My question to him was, “why would you remove the new bolts and fit the old bolts to do this”? His answer was, I have yet to fit the new bolts.

Here is the mistake.

When reconditioning rods big ends, ALWAYS fit the new bolts first. The new bolts will place a different amount of crush on the BE as the bolt will have a different amount of stretch and tension. This can change the overall size of the BE.

The rod bolts can go through multiple stretches, as long as the bolt returns to its relaxed length and is not stretched passed its yield point. If using a particular bolt, use the grease that is provided from that supplier. Use the stretch method over a torque value as friction will change the tension of each bolt. If using the torque value only, make sure, same as with the stretch method, you use grease on the threads, and the beam side of the rod under the nut to help lower the friction.

Also, if using “plastigage” to measure the clearance, this should only be used in the vertical direction. Place the strip of plastigage either on the cap or beam at the 12 or 6 o’clock position.

Remember, you are measuring the overall clearance value between 0.0018” -0.0028” typically, so any difference in bolt tension can make a difference when measuring a small clearance of 0.0028” or less.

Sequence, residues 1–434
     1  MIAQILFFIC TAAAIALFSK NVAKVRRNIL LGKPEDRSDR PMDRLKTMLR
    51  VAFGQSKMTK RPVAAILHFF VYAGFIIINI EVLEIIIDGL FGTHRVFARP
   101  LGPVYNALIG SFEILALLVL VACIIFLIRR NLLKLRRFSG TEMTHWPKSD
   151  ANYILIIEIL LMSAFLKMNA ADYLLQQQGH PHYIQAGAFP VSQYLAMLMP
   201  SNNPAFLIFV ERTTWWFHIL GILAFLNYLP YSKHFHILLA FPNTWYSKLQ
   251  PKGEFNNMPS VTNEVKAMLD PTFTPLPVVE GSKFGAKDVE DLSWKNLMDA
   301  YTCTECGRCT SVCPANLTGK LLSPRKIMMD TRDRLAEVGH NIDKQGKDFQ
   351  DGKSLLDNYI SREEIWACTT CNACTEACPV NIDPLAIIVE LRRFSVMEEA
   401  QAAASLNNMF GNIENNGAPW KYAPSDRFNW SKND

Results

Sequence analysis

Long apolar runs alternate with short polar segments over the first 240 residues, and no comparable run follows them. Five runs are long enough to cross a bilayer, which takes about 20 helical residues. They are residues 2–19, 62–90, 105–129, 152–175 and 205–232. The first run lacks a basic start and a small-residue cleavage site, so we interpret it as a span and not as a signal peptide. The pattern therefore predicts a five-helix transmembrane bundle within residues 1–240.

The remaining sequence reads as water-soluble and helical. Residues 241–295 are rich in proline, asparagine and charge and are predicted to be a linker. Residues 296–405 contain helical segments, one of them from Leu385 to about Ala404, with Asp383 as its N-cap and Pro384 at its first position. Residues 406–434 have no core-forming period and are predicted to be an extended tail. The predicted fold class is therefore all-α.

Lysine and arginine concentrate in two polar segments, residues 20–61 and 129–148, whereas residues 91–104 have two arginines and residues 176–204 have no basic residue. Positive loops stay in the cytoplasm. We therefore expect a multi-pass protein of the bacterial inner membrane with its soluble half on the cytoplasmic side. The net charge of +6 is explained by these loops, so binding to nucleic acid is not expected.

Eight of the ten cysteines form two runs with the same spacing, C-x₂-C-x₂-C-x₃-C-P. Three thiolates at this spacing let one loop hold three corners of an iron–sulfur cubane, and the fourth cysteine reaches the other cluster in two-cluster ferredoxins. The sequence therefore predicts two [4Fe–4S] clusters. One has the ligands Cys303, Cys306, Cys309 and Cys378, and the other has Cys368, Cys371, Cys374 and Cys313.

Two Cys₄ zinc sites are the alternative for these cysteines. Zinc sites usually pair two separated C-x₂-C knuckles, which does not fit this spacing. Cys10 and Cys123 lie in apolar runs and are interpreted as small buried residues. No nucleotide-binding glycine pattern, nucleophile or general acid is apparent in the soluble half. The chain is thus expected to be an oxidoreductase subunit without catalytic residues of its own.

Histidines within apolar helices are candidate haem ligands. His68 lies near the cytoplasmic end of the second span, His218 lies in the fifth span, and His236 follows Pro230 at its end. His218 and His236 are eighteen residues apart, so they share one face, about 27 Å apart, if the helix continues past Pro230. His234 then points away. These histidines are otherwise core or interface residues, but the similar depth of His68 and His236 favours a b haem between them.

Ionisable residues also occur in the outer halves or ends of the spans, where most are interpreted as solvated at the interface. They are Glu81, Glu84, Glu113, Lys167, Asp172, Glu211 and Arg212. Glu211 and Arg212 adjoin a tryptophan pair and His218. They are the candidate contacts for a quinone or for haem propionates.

Neil,

I completely agree with your above statement. But how about people using OEM Porsche connecting rod bolts which are not stretch bolts. How would they be able to measure the clearance/s with non-stretch bolts? As far as I know, these after-market stretch bolts were not commercially available 2 decades ago or longer.

Every time I read your posts I find additional and new information. Hope you continue to share your experiences with us. Thanks.

Tony
Old 12-06-2018, 10:16 AM
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Originally Posted by jkb944t View Post
Steve,

You make the comment "Second, you'll never find plastigage here, ever." Can you please expand on that?

Thanks,

Jeff
Hi Jeff,

Not much more to say really.

I've found it to be too unreliable & inaccurate, compared to micrometers and other professional measuring instruments.